Uncle Ben's

The Uncle Ben you see on the boxes of rice isn't the real Uncle Ben. But he did exist.

According to the Museum of Public Relations, Uncle Ben was a black Texan rice farmer whose crop continuously won awards for its outstanding quality. 

In 1932, German and British chemists Erich Huzenlaub and Francis Heron Rogers refined a process to make more nutritious parboiled rice and started the Converted Rice Company. The company itself didn't have any ties to Uncle Ben — he was dead by the time they started the company.

But Huzenlaub and Rogers took Ben's name, leveraged his reputation, and named their product after him. The two based the mascot's likeness on a Chicago maitre d' named Frank Brown.

See the rest of the story at Business Insider

The Smithsonian is trying to raise $300,000 on Kickstarter to fix up Dorothy's ruby slippers


Red Slippers Wizard of Oz

Seventy-seven years after "The Wizard of Oz" movie was released, Dorothy's famed ruby slippers are in dire need of repairs — about $300,000 worth to be exact. 

To garner the funds, the Smithsonian Institution (where the shoes currently reside) is asking the public for donations. On Monday, it launched a Kickstarter fundraising campaign, and as of Wednesday, it's nearly halfway to its $300,000 goal. More than 2,600 backers have already given $145,000.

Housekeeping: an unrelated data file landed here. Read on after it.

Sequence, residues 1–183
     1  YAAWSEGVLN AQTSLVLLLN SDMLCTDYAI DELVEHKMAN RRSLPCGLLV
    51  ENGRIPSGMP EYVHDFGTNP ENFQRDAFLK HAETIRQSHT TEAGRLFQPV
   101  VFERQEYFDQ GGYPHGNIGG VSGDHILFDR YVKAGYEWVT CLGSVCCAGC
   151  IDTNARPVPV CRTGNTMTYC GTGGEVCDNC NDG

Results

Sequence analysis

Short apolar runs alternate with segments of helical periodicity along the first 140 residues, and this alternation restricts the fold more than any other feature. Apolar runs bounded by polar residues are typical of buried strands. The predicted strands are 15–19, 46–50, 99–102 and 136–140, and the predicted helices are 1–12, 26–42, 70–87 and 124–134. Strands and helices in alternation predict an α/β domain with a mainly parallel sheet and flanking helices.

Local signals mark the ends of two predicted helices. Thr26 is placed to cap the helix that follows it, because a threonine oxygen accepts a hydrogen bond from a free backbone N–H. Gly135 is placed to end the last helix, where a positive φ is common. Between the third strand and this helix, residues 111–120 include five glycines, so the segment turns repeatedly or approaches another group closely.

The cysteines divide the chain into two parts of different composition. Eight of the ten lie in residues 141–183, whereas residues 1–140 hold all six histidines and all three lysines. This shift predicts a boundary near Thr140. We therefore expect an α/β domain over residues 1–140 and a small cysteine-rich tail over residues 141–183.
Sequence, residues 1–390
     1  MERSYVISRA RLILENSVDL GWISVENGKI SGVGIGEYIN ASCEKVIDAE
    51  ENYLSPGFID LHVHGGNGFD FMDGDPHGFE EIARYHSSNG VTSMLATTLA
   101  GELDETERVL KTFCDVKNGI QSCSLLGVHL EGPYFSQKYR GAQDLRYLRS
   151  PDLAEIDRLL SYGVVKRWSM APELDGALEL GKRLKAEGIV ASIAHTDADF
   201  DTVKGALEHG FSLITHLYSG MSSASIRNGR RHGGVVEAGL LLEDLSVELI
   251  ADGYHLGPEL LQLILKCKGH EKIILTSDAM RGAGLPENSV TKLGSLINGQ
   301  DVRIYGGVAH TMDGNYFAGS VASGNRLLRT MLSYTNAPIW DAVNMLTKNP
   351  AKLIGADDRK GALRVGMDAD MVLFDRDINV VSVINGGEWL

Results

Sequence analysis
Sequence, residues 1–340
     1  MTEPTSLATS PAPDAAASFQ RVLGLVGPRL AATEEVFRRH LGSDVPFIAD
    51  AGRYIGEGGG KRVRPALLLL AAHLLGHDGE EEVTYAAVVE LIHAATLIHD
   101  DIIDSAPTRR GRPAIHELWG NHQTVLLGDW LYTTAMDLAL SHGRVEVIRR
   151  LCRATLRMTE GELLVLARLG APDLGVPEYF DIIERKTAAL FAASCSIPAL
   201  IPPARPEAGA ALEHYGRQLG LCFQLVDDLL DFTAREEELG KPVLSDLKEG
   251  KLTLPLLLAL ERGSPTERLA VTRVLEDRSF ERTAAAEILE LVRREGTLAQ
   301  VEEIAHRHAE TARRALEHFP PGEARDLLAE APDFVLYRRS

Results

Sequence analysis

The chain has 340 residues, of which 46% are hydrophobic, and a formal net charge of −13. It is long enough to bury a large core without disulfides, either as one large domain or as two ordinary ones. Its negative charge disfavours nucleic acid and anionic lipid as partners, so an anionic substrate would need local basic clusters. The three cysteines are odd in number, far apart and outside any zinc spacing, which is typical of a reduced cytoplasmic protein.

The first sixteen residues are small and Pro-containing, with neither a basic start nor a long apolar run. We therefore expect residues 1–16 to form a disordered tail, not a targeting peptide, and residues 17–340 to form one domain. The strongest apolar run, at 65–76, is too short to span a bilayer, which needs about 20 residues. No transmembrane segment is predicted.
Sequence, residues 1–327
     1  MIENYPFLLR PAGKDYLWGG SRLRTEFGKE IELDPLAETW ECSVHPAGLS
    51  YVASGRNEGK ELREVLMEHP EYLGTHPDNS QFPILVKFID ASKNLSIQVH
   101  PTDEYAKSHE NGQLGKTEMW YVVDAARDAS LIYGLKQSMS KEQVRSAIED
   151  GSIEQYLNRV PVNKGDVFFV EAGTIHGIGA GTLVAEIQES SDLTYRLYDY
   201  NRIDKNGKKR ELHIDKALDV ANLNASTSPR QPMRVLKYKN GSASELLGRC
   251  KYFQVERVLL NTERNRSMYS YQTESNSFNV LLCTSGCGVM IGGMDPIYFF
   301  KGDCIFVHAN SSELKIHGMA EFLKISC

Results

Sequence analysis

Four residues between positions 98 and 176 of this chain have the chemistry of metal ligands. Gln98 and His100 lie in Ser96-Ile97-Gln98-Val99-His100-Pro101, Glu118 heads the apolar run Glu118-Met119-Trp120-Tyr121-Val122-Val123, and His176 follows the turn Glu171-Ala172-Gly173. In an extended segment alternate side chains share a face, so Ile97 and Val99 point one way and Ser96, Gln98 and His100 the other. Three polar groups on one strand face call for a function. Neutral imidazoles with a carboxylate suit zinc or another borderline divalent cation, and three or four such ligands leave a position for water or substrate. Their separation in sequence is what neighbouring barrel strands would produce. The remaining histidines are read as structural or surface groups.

Since the 77-year-old shoes were given to the Smithsonian in 1979, they have turned from a sparkly red to a bleak brown. The ruby slippers' sequins are falling off, and some of the threads have broken. The coating on the sequins that give them the red color has worn off, too.

If the Kickstarter makes it to $300,000, the money will go toward repairs, conservation, and a new display case that's designed to protect the shoes from future harm. It will have a calibrated light exposure and controlled humidity and temperature. The Smithsonian also plans to move the slippers to a new exhibition on American pop culture that's set to open in 2018.